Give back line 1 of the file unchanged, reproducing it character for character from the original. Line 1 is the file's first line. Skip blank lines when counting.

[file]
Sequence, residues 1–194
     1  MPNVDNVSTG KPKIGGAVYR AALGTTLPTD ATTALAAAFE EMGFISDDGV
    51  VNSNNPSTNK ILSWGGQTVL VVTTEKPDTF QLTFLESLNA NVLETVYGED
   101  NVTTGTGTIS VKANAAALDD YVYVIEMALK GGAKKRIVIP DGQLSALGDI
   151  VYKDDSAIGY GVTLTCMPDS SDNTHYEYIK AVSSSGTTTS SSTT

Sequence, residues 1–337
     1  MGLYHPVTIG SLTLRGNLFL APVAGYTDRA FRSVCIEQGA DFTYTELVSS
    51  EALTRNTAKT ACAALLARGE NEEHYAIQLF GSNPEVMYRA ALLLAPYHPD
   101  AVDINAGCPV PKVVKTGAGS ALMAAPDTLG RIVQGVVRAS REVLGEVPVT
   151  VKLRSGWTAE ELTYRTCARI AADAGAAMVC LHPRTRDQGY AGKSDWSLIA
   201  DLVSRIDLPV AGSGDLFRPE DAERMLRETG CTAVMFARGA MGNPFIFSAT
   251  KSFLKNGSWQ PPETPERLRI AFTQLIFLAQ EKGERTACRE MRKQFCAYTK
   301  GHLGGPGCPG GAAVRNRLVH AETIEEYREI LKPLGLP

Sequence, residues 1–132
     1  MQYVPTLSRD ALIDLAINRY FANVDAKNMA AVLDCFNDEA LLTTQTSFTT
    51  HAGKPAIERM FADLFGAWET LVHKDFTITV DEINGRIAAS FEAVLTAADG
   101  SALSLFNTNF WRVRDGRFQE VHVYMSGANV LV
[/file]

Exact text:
Sequence, residues 1–194